"Through artistic imaginaries, media productions, social practices and spatial mappings, this book offers an insightful and original contribution to the understanding of Rio de Janeiro, one of the highly contested urban terrains in the world. Offering a rich diversity of examples extracted from lived experience, iconographic materials, and narratives, it provides innovative and compelling connections between theoretical questions and urban vignettes. Throughout the essays, the specificity of Rio de Janeiro is highlighted but framed in relation to theoretical questions that are relevant to major contemporary cities. The book underlines the dilemmas of a city that attempts to compete globally while confronting social inequality, violence, and novel forms of democratic agency. It retraces Rio de Janeiro’s modernist memories as the former political/cultural capital of Brazilian intelligentsia and national culture. It explores Rio as a city of popular culture, mestizo legacies, media productions, and cultural innovation."
Table of Contents
Introduction: The Eyes of the City 1. Imagining the Marvelous City: Spectacle and urban spaces 2. Modernist Ruins: National narratives and architectural forms 3. The Visible and the Invisibles: Photography and social imaginaries in Brazil 4. Carnival Crowds 5. Tropical Babylon: Copacabana and the poetics of nostalgia and decadence 6. Favelas: Realist aesthetics, consumption and authorship 7. Narrating the Streets Afterword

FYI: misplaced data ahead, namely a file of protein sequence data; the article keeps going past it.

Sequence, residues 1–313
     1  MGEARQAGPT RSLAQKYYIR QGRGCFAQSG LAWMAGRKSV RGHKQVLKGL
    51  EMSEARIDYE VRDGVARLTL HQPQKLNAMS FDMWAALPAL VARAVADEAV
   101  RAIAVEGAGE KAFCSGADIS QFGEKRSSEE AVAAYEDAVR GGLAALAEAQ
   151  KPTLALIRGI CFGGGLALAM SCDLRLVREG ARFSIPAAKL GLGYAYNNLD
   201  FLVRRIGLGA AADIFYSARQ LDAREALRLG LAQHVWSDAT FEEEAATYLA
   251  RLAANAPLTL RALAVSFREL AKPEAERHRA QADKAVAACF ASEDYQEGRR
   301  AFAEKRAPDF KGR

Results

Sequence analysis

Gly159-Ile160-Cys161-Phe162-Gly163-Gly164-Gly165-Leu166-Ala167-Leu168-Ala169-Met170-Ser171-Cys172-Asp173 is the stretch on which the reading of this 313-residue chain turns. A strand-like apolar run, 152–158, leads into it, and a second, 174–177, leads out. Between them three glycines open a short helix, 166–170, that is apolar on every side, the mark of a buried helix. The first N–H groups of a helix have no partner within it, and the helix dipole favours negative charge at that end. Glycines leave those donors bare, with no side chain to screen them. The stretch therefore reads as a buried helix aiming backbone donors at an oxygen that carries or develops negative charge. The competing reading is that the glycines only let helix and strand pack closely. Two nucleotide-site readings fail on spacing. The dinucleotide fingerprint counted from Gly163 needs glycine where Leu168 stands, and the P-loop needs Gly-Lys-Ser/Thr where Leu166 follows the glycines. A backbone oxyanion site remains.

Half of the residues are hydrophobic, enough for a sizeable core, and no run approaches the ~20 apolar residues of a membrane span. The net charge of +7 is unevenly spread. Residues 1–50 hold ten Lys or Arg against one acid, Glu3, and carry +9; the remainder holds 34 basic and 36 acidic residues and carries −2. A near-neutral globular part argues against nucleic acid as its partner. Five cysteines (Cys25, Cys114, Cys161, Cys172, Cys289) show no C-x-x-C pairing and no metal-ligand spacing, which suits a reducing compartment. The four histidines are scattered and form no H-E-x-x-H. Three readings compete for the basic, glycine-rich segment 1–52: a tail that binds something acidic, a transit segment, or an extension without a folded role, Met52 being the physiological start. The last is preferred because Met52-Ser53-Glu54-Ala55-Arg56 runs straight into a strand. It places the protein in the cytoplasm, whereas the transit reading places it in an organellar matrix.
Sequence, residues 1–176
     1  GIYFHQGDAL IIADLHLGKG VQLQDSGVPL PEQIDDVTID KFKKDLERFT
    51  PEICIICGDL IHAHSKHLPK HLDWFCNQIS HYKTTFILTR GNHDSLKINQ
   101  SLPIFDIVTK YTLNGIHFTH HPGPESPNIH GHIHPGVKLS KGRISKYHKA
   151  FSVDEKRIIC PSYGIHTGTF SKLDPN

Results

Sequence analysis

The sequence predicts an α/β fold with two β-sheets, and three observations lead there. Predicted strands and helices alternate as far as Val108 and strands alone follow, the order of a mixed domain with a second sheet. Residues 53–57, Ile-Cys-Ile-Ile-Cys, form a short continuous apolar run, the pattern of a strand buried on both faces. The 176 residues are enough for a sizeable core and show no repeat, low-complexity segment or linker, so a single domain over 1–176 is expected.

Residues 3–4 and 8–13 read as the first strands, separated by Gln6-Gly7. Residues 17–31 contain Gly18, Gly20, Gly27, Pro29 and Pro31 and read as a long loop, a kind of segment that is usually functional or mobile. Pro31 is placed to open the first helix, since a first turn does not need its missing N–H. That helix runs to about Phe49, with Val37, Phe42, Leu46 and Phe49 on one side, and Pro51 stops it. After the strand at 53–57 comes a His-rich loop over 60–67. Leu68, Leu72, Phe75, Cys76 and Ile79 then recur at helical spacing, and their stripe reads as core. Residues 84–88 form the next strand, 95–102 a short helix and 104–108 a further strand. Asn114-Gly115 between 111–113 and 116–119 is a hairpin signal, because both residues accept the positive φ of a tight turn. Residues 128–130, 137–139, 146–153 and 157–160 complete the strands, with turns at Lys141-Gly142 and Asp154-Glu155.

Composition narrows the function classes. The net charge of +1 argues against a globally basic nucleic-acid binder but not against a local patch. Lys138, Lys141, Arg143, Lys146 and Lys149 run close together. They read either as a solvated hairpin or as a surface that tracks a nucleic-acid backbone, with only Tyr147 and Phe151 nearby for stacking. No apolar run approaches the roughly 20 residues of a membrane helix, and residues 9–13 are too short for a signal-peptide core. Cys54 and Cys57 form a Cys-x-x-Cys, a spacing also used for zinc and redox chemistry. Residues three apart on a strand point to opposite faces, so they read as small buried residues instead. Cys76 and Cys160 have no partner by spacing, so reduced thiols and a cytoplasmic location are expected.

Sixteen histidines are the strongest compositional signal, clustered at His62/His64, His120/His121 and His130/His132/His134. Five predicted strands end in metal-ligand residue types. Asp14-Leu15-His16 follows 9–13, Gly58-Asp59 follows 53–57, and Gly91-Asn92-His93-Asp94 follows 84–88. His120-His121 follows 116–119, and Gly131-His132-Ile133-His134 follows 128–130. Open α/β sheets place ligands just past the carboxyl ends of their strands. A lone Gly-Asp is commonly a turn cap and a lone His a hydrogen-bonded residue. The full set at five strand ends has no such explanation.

Beatriz Jaguaribe is a professor at the School of Communications of the Federal University of Rio de Janeiro. She is the author of Fins de Século: Cidade e Cultura no Rio de Janeiro ( 1998) ; Mapa do Maravilhoso do Rio de Janeiro ( 2001); O choque do real: estética, mídia, cultura ( 2007), among other books. Her essays on urban culture, representations of the self and national imaginaries have been published in Public Culture, Space and Culture, Journal of Latin American Cultural Studies and several Brazilian journals. She has been awarded the RioArte Fellowship(1999); ICAS Fellowship at NYU (2000), Guggenheim ( 2004) , PLAS Fellowship at Princeton University ( 2009-2010), the Andrés Bello Chair at the King Juan Carlos of Spain Center at NYU ( 2012 ), and the CNPq award ( 2012-2015). She has been a visiting professor at Stanford University, Dartmouth College, The New School of Social Research, Princeton University and New York University.